Remember the region?

SAARC region continues to neglect intra-regional trade due to the unending acrimony between Pakistan and India


Dr Pervez Tahir December 09, 2022
The writer is a senior political economist and President, Council of Social Sciences (COSS), Pakistan

Earlier this week, planning minister Ahsan Iqbal inaugurated the 25th Sustainable Development Conference under the auspices of the SDPI, a think-tank established as part of the national conservation strategy circa 1990s. The event brought to Islamabad UNESCAP’s 6th South and Southwest Asia High-level Political Forum and Policy Dialogue on SDGs. The conference is a sudden reminder that we live in a region which, contrary to economic norms, trades the least within. Economists call it gravity model of trade that benefits the consumers most, an unpleasant reminder in the grave economic times for consumers in Pakistan. While economists have moved on to an enhanced gravity model, the SAARC region continues to neglect intra-regional trade due to the unending acrimony between Pakistan and India. An example of the strength of the model is that India is able to export to Pakistan more than it imports despite the denial of the most-favoured nation status.

The minister urged the regional countries to make joint efforts to achieve common goals of poverty alleviation, literacy, sustainable socio-economic development and mitigation of climate disaster impacts. These words of his found place in media, though not prominently. But the media blacked out his entry into the no-go territory. Departing, perhaps, from his text, the minister lamented the failure to hold the SAARC summit for years. (Disconcertingly, even the annual foreign minister’s meeting held on the sidelines of the United Nations General Assembly in New York was cancelled this year) Most important, the minister received the loudest applause when he talked about the poor trade relationship. This “seditious” statement was made in the presence of Mikiko Tanaka, the Director and Head of UNESCAP Subregional Office for South and South-West Asia; Knut Ostby, the UNDP Country Director; Fathimath Niuma, the Deputy Minister for the Ministry of Planning, Housing and Infrastructure, Maldives; Shehan Semasinghe, the Minister of State for Finance, Sri Lanka; and Armida Salsiah Alisjahbana, the UN Under-Secretary-General and UNCESCAP Executive Secretary. Esala Ruwan Weerakoon, the Secretary-General, SAARC, was present virtually.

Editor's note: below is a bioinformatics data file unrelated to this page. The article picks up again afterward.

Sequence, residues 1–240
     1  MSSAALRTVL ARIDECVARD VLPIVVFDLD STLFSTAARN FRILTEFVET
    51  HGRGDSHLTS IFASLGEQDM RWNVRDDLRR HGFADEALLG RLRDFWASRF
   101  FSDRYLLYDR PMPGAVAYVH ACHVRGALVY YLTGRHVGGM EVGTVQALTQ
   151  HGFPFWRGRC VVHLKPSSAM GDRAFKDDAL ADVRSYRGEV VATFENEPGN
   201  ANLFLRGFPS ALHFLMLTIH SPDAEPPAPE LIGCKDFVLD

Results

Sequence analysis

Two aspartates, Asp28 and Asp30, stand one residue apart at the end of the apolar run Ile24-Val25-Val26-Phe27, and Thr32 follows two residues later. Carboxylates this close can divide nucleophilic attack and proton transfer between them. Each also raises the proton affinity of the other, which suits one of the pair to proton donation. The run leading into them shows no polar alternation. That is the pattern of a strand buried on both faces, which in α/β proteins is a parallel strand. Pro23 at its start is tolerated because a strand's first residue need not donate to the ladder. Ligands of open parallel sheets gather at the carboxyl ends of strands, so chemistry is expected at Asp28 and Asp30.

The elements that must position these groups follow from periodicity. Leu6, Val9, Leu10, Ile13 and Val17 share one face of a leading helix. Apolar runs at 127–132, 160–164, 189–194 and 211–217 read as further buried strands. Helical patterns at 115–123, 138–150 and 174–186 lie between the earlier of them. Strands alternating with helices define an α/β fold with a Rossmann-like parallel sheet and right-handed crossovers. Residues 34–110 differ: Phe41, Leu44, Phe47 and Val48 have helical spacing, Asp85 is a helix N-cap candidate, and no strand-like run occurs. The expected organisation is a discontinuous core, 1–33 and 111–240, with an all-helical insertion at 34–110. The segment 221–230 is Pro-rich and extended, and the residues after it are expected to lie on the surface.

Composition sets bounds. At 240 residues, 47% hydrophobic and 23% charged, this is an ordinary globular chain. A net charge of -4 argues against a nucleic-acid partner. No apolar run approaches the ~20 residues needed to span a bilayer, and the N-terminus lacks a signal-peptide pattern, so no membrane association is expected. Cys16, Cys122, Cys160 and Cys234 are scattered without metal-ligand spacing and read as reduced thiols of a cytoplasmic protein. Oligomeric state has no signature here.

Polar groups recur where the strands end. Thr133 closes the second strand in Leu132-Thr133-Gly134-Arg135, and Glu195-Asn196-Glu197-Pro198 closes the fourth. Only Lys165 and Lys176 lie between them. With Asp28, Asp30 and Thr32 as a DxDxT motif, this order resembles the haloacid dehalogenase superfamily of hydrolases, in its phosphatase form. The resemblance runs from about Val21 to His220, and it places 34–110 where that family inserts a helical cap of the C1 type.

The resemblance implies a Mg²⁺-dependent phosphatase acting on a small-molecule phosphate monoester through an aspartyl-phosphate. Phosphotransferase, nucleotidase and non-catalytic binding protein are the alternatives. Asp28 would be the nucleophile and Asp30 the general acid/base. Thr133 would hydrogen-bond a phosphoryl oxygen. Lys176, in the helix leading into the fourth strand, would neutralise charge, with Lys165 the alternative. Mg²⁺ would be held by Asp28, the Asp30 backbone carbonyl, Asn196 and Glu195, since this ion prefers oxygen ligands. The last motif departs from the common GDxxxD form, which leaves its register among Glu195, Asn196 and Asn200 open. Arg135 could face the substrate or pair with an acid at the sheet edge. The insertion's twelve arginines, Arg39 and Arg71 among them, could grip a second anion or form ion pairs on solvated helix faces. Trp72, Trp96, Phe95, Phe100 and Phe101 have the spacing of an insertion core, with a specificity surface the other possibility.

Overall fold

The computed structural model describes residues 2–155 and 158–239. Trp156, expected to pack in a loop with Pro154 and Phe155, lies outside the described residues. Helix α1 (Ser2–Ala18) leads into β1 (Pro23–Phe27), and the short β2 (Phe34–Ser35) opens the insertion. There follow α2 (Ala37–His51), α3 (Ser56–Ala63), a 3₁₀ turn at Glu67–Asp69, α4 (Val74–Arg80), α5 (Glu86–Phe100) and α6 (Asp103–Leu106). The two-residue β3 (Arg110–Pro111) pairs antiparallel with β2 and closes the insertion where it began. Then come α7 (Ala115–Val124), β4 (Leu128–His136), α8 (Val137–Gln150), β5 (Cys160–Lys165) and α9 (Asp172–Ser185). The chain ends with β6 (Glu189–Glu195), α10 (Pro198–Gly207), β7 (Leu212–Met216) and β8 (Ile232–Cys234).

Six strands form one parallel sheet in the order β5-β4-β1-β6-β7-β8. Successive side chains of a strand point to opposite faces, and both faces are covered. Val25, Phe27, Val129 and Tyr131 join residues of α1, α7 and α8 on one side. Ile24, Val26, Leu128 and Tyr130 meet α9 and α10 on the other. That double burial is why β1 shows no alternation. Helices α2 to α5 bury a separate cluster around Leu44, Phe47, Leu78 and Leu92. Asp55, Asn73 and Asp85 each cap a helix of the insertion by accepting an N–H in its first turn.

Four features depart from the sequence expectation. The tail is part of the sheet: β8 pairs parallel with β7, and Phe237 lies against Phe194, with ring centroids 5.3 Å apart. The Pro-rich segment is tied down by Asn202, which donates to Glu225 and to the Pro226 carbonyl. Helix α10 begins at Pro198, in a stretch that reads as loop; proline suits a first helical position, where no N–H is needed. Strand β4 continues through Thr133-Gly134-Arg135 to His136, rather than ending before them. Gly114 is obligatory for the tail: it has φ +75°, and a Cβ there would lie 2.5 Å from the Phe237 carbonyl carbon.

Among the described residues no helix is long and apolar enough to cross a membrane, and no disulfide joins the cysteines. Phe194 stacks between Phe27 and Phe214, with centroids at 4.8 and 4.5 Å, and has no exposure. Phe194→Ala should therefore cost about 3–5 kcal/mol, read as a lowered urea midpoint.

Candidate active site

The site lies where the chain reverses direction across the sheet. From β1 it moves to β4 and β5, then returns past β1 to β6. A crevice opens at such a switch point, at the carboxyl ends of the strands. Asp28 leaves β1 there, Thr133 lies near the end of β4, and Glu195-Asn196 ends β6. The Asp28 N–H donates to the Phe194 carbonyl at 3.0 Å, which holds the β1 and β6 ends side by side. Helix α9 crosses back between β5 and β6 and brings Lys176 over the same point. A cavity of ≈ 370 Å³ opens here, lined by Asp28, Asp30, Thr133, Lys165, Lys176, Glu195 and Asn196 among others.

Not long ago, commerce minister Imran Khan submitted a summary to the cabinet on trade with India that had to be rejected by the one-page prime minister Imran Khan. No wonder then that the utterings of the current planning minister were ignored by the media. India is an enemy, hence no trade, is becoming an article of faith. Our iron friend China and India are no friends, but trade between the two is far more than the entire foreign trade of Pakistan. Iran is no enemy, but smuggling is incentivised more than trade. Afghanistan, worth more as an economic asset than a strategic asset, is now being held responsible for our debilitating current account deficit. Both are also being fenced against, the worst form of non-tariff barriers. Now that the most important appointment has been made, we must search our souls to know why we can’t stand our neighbours. Sometimes we do hear that we can’t change our neighbours. Where is the neighbourhood strategy to make life easier for the consumers in general and the people in the border areas?

At the Islamabad Security Dialogue on April 2, General Bajwa observed: “Since Pakistan’s concerns are its people, we want to put the money where the mouth is. Today, Pakistan stands at the crossroads of its economic and strategic goals. It has north-south connectivity. We want to build connectivity from east to west. This will increase trade and benefit Pakistan and the region. We want to move from geostrategy to geoeconomics and make Pakistan a modern and forward-looking country.” Was this just the double-speak Imran Khan now grumbles about?

Published in The Express Tribune, December 9th, 2022.

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